Crude oil prices continue to remain static as crude inventories build


Static oil price in February

The price of crude oil has remained static during the first three days of this week, completely in line with the recent trend.

As of 16:20 GMT, the price of WTI, Brent and LNG, liquified natural gas, recorded $74.62, $81.31 and $2.19 respectively - hardly a significant deviation from the recent, respective prices.

Oil price on Wednesday
Crude oil price on Wednesday

The API, American Petroleum Institute, meanwhile, released its weekly data on the US crude stocks on Wednesday, which hardly is a catalyst for the struggling crude oil markets: the API said that there was a second, consecutive, massive crude build of 9.895 barrels - almost 10 million. 

At the time of writing this article, both analysts and investors were awaiting the latest US crude inventory data from the EIA, US Energy Information Administration. Both the API and EIA reported a massive crude oil build last week, reflecting the prevailing consumer apathy. 

EIA US crude stocks

If the latest data from the EIA confirms yet another crude build during the last week, it will deal a serious blow to the sentiment in the crude oil markets. It is highly unlikely that the data from EIA would contradict that of the API in this regard.

The price of LNG, liquified natural gas, meanwhile, keeps falling, defying the misplaced apprehensions that gripped the markets during the cold, dark winter months in Europe and North America.

As the countries in the northern hemisphere are heading to the spring, the weather factor is not going to be in favour of the gas prices. On the contrary, it will push the price further down and will be just a matter of time before the price crashes below the psychologically-sensitive $2 mark. 

As of this week, the price of LNG has tumbled by almost 85% since its highest price in September, 2022. A fall of this kind will have a severe impact on the producers and traders alike in the coming weeks.

Natural gas price
Falling Natural Gas Price

The combined effect of the relatively mild weather, ample stocks and the extensive supplies from alternative sources has created an atmosphere of hope among the consumers that is behind the fall in gas prices.

The falling gas prices, meanwhile,  has become an inhibiting factor as far as crude oil markets are concerned; low gas prices do not force industrialists in the West to look for alternatives such as oil to run their factories that in turn keep the demand for oil at a manageable level. 

Weekly oil price
Weekly crude oil price

In addition, on political front, the European governments can breathe collective a sigh of relief at the prospect of managing the energy crisis without emptying the coffers. 

As for the steep fall of gas prices, the countries like Qatar, one of the top exporters of LNG, if not the largest, may find themselves in unchartered waters, as revenues start falling. 

The cumulative effect of the falling oil prices is already felt in the Middle East: Saudi Aramco, which used to be the word's second most valuable company after Apple, lost its crown to Microsoft this week, falling to the third place. The stock markets in the UAE, United Arab Emirates, and Saudi Arabia have been falling as well, highlighting the worries about the falling oil prices.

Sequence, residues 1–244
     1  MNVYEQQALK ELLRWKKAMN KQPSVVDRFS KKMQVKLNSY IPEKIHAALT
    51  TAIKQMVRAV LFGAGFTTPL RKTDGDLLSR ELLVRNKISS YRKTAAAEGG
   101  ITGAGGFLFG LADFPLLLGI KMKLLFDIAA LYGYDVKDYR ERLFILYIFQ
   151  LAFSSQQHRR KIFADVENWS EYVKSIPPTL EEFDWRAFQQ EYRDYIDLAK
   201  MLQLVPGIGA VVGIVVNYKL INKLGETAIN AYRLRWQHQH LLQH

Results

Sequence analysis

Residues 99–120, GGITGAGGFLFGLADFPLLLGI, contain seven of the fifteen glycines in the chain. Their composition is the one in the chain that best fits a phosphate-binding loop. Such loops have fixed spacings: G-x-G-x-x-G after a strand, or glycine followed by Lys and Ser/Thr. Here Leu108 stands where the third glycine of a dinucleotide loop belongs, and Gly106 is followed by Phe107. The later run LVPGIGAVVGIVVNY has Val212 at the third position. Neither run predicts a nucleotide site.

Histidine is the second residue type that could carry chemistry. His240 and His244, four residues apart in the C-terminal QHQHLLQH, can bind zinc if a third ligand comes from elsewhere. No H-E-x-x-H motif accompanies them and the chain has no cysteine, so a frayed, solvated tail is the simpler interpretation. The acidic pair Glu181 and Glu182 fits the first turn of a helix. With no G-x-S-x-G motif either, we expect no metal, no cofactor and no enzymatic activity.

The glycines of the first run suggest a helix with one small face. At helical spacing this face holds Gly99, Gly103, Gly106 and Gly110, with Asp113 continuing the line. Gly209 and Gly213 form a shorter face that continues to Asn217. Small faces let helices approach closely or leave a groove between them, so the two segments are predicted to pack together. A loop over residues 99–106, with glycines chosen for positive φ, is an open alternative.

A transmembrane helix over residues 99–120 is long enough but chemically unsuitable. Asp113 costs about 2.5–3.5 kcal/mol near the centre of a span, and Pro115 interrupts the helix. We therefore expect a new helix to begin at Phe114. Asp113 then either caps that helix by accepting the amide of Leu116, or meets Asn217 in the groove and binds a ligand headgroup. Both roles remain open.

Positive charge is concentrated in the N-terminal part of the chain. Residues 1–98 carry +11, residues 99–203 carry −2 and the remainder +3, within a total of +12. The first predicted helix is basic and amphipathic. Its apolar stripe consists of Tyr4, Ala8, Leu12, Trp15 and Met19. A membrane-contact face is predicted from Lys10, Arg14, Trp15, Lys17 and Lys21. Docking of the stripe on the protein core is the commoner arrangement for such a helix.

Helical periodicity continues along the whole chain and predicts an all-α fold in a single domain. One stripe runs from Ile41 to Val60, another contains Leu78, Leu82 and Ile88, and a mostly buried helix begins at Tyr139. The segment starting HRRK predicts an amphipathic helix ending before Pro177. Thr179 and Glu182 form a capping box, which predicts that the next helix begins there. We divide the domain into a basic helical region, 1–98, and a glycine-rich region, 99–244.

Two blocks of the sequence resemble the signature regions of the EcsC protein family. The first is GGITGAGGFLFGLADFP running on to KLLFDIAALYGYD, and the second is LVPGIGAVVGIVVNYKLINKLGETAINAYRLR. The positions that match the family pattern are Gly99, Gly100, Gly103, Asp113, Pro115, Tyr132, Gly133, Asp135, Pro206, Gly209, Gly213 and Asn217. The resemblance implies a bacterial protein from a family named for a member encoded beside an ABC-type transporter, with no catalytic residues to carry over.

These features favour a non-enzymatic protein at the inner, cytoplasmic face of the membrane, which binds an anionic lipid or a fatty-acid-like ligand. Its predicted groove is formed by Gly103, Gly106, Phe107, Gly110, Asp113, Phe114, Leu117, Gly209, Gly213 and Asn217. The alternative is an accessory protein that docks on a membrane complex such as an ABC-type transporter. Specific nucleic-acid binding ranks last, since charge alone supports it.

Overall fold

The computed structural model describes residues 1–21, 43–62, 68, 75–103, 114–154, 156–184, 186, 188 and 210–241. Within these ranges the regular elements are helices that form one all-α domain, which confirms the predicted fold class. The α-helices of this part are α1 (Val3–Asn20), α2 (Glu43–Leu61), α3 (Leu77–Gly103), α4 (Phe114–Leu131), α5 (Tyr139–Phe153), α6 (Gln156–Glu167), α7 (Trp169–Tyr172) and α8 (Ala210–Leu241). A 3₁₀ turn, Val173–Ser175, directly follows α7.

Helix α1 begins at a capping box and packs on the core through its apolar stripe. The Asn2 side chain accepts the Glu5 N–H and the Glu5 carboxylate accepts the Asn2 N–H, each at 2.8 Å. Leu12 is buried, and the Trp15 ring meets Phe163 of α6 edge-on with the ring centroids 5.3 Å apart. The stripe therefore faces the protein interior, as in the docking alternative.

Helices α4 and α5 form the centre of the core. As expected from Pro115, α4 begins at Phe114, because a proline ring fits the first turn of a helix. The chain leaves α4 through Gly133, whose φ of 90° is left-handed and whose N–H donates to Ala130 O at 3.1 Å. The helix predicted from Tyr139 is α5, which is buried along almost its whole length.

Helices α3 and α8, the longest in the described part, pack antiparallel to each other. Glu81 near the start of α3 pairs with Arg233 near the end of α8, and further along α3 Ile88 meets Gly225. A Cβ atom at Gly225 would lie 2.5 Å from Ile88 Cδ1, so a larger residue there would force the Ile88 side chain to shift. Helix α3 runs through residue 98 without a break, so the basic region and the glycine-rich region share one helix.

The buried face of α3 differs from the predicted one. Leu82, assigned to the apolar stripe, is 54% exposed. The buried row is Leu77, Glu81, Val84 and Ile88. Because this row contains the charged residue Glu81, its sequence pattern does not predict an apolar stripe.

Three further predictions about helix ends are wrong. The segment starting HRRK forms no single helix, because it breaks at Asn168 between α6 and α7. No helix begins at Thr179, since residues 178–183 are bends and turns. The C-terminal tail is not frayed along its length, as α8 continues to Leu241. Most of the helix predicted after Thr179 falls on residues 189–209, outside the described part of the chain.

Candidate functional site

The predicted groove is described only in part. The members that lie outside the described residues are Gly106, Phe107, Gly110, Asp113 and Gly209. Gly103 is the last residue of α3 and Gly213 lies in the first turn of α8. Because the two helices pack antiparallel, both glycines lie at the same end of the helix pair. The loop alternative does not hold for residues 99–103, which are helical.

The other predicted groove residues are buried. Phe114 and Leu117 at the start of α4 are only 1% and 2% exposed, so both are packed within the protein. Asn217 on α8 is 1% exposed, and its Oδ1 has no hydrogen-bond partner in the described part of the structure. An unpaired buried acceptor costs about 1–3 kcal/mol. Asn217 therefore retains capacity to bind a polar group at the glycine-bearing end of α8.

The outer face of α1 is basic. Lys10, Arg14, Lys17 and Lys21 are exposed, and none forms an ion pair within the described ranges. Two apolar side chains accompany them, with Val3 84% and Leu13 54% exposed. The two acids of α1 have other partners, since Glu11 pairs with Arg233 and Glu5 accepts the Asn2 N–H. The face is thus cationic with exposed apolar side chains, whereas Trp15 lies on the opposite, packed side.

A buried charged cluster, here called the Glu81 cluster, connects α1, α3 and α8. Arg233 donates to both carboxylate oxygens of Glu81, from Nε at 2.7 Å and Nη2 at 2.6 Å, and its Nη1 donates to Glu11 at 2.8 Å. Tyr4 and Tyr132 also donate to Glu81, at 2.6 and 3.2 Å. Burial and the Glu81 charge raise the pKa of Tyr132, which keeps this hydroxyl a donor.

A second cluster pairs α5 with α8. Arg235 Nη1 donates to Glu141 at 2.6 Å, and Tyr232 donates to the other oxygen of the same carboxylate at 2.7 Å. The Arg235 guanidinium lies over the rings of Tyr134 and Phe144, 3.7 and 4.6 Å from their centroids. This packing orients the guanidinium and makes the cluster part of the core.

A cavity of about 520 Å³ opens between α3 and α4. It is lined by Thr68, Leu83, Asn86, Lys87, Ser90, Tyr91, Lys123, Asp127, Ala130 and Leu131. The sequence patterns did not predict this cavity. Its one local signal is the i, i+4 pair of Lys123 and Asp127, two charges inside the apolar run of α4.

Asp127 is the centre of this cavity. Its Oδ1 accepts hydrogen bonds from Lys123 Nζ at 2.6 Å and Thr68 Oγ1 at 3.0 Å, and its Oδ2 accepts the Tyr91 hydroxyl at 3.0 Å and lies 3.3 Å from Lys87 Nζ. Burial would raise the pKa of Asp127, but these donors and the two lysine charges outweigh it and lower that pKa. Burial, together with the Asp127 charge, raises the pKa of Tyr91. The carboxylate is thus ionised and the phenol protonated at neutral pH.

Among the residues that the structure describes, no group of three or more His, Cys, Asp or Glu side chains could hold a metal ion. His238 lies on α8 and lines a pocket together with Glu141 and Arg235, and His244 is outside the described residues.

Usually, when the price of oil falls, the OPEC, Organization of Petroleum Exporting Countries, tends to curtail the production on a whim. 

Having learned the political consequences of such a move, the cartel does not seem to go down that road right now; the fact that both China and India, the world's second and third highest consumers in the world respectively, can turn to Russia for their needs without suffering the consequences of such a move by the West, may have made the Middle Eastern producers to understand the risks involved in hasty production cuts. 

In addition, the US still has a trump card to play in the event of an unexpected hike in oil price - SPR, the Strategic Petroleum Reserve. The US, along with its allies, started releasing the crude oil from their SPRs, when endless pleas to the OPEC+ not to cut production fell on deaf ears. 

When the US released 180 million barrels from its SPR last year, by coincidence, sheer luck or strategic impact, the price of crude oil did fall. 

At home, however, the Biden administration came under fire over the move, as the federally-owned SPR is only for the use in an emergency, and not to stabilize the oil prices in the global markets; the failure to fill up the SPR, meanwhile,  when it remains at a historic low, heaped more political pressure on the administration. 

Despite all that, the US plans to release 26 million more barrels this year, guaranteeing a stable supply of the commodity in the markets. 

In conclusion, it is fair to assume that the volatility in the energy markets has subsided to a reasonable level as the developed countries emerge from the winter. With that, the fluctuating intensity of war in Ukraine as a determining factor of commodity prices, appears to be paling into insignificance. 


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